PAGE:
Mrs. Varine Carr told me herself that the Shangri-La opened in 1956, and that she was there that day. When I joked that she must have been about three, she laughed, stopped and said "no."
Coulda fooled me.
Varine Carr assisted in the kitchen, eventually taking over the cafe. Though Ida Todd and Rosemary Johnson started the legacy of making delectable pies at the Shangri-La, it's Mrs. Carr who's perfected them and become so well known for them.
(I could also go on for a while about how the lake was formed and who did what and such, but there's a fascinating read here on the subject. Besides, it'd make you wait longer to learn about the pie. Because of course there's pie.)
I've covered this place before, on my original first epic pie jaunt searching for the Best Pie in Arkansas for the Arkansas Times. Since then, I've learned a lot more about the lay of the land, the lake and the resort folks who hold onto these slivers of lake-accessible property. See, the Army Corps of Engineers tightly regulates the use of the shoreline, which is why most of your time on Lake Ouachita is out of eyesight of development, unlike nearby Lake Hamilton. It's Arkansas's largest lake, and eight million people visit it every year.
But I digress. First time I went, Grav had a grilled cheese sandwich and I had a burger and we shared a slice of pie. Blueberry. Amazing.
Make Room For Pie: A Delicious Slice of the Natural State with Kat Robinson, and I knew I had to include the Shangri-La.
The resort is located on a peninsula that's about 20 miles from Hot Springs and almost as far from Mount Ida (though it has a Mount Ida address). It's hard to miss the classic sign along US Highway 270 that shows you the way. Another mile of undullating roadbed takes you to the edge of the lake and a spot barely touched by time.
I digress... again.
On this particular day, I pulled in hungry, somehow committing the sin of not eating breakfast before hitting the road (I had a LOT of locations to hit in one day). I knew I was searching for pie, but I also wanted something more substatial.
I looked up and saw Mrs. Carr. She was a bit busy. That's okay. My question would wait.
One of the lovely waitresses looked up at me and smiled. I wandered out across the room and asked her if this naughty girl could go sit in the corner. She laughed and followed me over, handing me a single laminated menu sheet and taking my drink order.
See, I wasn't just thinking about how beautifully preserved this cafe was. I was thinking about hotel and motel culture and restaurants in general at the same time. I was thinking about the research I'd been doing on the Hotel Goldman in Fort Smith, which has been beautiifully preserved in the Fort Smith Museum of History with photography and even menus from a bygone era. I was thinking of the particulars of dining while traveling and the sort of things that would be on the menu - like sandwiches of egg and olive, ham, cheese and jelly, goose liver and the like. So I ordered the closest thing to one of those and got the tuna sandwich.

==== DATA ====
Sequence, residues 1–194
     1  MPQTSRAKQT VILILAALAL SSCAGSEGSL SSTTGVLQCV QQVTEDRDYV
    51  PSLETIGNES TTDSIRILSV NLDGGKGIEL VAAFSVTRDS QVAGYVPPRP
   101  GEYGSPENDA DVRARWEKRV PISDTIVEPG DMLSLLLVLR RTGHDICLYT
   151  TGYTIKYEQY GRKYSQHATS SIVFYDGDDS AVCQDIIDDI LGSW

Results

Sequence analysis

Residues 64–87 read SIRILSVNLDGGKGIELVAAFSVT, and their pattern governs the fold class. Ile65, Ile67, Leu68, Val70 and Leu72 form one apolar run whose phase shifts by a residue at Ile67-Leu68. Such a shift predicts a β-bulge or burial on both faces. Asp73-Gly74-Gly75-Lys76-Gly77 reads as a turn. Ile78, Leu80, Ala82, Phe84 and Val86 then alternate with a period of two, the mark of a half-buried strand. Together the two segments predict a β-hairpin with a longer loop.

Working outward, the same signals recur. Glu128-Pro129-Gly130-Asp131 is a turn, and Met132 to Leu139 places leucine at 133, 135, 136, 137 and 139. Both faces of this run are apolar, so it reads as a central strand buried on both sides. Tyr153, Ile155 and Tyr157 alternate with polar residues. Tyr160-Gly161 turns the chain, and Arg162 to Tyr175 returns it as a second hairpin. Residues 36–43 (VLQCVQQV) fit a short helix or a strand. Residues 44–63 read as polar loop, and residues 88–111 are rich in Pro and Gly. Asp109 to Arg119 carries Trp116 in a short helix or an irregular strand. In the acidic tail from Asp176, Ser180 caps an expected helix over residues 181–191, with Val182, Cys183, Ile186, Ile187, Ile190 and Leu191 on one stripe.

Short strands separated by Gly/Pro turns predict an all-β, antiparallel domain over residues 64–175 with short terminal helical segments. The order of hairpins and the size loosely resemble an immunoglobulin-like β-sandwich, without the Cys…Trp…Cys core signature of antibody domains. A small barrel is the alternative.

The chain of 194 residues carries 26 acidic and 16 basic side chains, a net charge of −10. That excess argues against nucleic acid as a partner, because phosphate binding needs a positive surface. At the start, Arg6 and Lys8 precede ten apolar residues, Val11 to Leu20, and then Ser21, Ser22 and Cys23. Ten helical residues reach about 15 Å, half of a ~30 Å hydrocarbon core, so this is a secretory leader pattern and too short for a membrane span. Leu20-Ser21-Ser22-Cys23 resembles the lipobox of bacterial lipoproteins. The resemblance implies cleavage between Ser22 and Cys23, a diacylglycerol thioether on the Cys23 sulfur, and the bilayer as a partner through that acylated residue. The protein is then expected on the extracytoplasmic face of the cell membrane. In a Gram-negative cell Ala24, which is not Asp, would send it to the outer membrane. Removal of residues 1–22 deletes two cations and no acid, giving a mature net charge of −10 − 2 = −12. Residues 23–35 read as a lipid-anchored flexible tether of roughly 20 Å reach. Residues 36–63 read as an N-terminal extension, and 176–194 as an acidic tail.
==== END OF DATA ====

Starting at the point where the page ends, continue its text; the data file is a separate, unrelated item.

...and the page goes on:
|Grav on our visit in 2011.
Someone needs to shoot a movie here.
Tuna salad sandwiches are a remnant of my youth, too. Could I get more nostalgia-soaked? Why yes I could.
I asked my waitress which she'd choose. She said the best sellers were coconut, chocolate and Dutch apple. I noticed she said "best seller" instead of "favorite" - I know that trick, too. I chose the Dutch apple.
"You want ice cream with that?"
"You want ice cream with that!" she declared, and wandered back over to the counter while I ate my sandwich and watched.
More slices were being prepared and plated ahead of the lunch rush to come. The couple who'd come in after I had were enjoying salads and ogling the steaks that had just been delivered to their table. I heard their quiet conversation. I smiled when I heard them talking about my camera and their suppositions on what I might be up to.
My plate was soon empty. My tea kept regaining its volume, and I realized my waitress had quietly kept filling it while I was thinking of other things. Soon my plate was gone too, and she was returning with a small plate that bore something of true and amazing beauty.
Here, have a look.
You'd think I'd never eaten before. Egads.
I had four more locations to hit before returning home for the day, and none of them were within 20 miles. I knew I had to go. I allowed myself a few minutes to rest as a sliver of video was posted to taunt those who'd wander onto Facebook that day, then went to settle my bill.
Mrs. Carr was behind the desk when I walked out of the cafe into the lobby. We struck up a quick conversation about kids, the internet and such and that's when I asked her about the duration of the resort, when she told me she'd been there since day one.
Her smile looks just as fresh as it likely did that opening day.
She gave me some tips on places to go digging for crystals before her attention turned to a guest coming in. I made a note and a promise to myself - I needed to spend a weekend away from the modern world. One day I'll stay at the Shangri-La and be an overnight guest and let myself be pulled back into that summer place along the lakeshore.
But for now, I had to go. As I wandered out, two wet Labrador retrievers came up to me. "Had a good swim?" I asked them, these happy dogs, as their owner came up and let me know they weren't vicious. On the other side of the parking lot, three kids were riding on a golf car. Two of them were carrying meringue pies while the third was driving.
When you decide it's your time to go to the Shangri-La, avail yourself of this website's information. You don't have to be into fishing or even wanting a dip in the lake to enjoy this place. Just come ready to unplug and appreciate it for what it is - a slice of history where you can enjoy a delectable slice of pie.